- Aggregated alerting on farm-wide metrics: Large infrastructures have many servers in a farm/cluster. An administrator may only need to be alerted when, for example, four out of six web servers are facing connection spikes. This provides the actionable intelligence that is needed to determine when additional servers should be added to support the growing connection load. More complex conditions across multiple servers should also be supported. For example, an administrator may want to be alerted when 25% of servers are reporting CPU utilization above 80%. Such farm-wide alerts help administrators understand the health and capacity requirements of the entire farm (rather than just individual servers/nodes).
- Composite Alerting: Management-level reports must present simplified views of performance, instead of only detailed metrics. For example, consider a CIO who is interested in knowing if the user experience of a core virtual desktop service is good or not. There are many factors that affect the user experience, include a user’s logon time, application launch time, screen refresh latency, bandwidth availability etc. While an IT operations person is interested in the details, the CIO is not. The CIO is only looking for the overall user experience. APM tools must offer composite alerting functionality to simplify executive-level reporting. A composite alert is the collective representation of the state of multiple metrics. By assigning weights for different metrics (e.g. for logons, which happen less frequently and so may have a lower weight than screen refresh latency) and using a weighted average method, a composite rating is obtained – a simplified percentage value indicating user experience. Examples of composite alerts include user experience, Apdex score, stress level for servers, etc.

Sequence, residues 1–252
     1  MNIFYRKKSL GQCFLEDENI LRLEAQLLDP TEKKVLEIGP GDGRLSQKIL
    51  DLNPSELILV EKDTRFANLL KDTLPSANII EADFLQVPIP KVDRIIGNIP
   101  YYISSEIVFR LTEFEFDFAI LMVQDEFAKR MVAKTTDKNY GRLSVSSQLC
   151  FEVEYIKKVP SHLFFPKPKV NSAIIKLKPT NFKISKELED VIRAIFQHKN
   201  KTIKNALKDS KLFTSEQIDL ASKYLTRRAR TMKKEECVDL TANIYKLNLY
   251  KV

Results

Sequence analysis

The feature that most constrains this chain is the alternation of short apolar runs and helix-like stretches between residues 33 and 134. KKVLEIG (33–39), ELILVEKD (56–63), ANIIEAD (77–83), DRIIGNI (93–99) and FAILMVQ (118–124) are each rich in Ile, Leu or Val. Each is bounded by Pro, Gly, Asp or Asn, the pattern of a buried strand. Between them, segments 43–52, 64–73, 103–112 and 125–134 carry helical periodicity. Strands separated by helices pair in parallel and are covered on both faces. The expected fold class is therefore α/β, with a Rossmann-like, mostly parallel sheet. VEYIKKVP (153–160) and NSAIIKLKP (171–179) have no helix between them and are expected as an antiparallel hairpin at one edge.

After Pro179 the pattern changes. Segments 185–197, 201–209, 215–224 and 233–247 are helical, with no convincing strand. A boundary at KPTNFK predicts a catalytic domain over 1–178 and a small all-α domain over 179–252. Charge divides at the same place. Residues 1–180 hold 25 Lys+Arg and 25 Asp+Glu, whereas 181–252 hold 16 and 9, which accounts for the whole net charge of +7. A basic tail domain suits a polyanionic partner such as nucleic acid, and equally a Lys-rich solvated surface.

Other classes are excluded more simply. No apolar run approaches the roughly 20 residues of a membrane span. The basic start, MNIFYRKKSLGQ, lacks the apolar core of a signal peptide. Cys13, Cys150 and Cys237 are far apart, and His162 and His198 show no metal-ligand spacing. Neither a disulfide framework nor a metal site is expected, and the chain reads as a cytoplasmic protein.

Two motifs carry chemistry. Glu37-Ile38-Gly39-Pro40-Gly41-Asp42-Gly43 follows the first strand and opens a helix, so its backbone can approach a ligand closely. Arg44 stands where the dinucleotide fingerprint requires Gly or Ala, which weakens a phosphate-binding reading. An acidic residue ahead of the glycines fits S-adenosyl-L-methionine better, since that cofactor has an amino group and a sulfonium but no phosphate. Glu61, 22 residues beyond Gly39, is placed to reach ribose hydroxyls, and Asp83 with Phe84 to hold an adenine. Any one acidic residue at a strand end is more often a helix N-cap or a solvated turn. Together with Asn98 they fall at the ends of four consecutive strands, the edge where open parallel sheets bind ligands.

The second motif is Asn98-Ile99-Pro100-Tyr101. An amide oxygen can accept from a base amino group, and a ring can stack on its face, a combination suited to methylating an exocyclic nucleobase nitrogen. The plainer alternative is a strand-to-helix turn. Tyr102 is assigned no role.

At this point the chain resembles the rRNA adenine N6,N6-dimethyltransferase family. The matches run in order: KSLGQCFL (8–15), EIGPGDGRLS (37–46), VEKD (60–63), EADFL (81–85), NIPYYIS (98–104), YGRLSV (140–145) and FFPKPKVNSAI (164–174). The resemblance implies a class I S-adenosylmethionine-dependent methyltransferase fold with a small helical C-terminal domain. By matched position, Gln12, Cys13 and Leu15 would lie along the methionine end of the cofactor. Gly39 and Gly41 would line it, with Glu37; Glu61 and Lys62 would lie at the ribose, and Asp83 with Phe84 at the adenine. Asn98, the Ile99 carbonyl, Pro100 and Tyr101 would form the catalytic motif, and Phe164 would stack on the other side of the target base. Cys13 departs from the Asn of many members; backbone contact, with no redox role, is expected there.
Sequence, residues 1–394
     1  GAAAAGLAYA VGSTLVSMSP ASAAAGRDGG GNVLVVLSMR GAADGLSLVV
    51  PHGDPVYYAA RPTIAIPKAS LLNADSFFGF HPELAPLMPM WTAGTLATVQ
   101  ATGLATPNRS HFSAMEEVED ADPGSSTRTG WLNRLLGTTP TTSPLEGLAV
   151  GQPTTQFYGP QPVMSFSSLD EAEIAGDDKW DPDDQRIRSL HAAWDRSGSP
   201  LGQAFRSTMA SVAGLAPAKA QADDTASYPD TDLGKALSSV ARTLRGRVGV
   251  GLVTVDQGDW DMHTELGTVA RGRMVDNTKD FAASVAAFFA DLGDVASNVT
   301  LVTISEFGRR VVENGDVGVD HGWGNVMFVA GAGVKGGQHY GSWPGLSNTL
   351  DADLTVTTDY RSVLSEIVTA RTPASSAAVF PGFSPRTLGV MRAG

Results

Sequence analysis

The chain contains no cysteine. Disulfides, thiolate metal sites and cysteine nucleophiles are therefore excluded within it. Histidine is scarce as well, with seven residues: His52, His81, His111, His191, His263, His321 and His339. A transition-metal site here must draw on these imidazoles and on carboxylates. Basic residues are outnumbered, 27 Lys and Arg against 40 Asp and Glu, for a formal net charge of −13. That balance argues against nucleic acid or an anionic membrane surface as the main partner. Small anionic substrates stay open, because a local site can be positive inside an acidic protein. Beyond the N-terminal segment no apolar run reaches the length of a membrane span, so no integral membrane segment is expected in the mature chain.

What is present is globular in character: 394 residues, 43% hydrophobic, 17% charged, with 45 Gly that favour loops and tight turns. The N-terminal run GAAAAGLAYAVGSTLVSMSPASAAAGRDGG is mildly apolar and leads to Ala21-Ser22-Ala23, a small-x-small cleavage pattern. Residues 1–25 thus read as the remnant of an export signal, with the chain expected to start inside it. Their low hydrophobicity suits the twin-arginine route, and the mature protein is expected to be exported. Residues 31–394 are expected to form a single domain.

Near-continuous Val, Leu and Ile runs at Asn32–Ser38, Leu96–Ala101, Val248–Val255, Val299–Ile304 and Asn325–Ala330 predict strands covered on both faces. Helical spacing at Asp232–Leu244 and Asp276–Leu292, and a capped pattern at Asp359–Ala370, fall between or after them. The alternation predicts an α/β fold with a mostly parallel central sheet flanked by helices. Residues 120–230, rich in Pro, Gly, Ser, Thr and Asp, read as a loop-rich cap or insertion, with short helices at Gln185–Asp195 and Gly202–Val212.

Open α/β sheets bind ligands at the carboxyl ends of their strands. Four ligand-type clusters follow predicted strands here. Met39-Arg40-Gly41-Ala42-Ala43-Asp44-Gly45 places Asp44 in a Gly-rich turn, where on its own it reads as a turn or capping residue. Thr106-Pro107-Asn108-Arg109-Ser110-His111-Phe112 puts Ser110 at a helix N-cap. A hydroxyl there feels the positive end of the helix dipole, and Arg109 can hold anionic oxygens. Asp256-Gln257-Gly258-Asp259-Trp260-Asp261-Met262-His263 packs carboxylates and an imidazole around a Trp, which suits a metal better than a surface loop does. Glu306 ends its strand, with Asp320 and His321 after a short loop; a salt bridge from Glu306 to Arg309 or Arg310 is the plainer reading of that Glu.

- Situation-aware dynamic baseline alerting: Manually adjusting alert thresholds for every performance metric is challenging. Based on usage trends, there is a need for different alert thresholds at different times of the day and for each day of the week. An admin would not need an alert triggered for the same threshold condition during the day – when there is high workload on an application server – as during low workload time at night or over the weekend. The best practice to determine these alert thresholds is by baselining the application and infrastructure performance. Some APM tools use artificial intelligence and machine learning to auto-baseline the infrastructure and dynamically determine alert thresholds. This is critical, as unless there is situational-awareness built into the APM solution, there would certainly be false positives for administrators, making their job more difficult.
eG Enterprise is an end-to-end application performance monitoring solution that includes all these comprehensive, intelligent alerting capabilities that help IT and business stakeholders get actionable insights for effective troubleshooting and decision-making. With out-of-the-box monitoring support for over 180 applications (Java, SAP, SharePoint, Citrix, PeopleSoft, etc.), eG Enterprise tracks health, availability and performance of all aspects of your business-critical applications and helps with proactive problem diagnosis and root cause analysis.
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Read our Case Study showing how a major manufacturing company uses IT performance monitoring to save IT costs and deliver superior IT performance »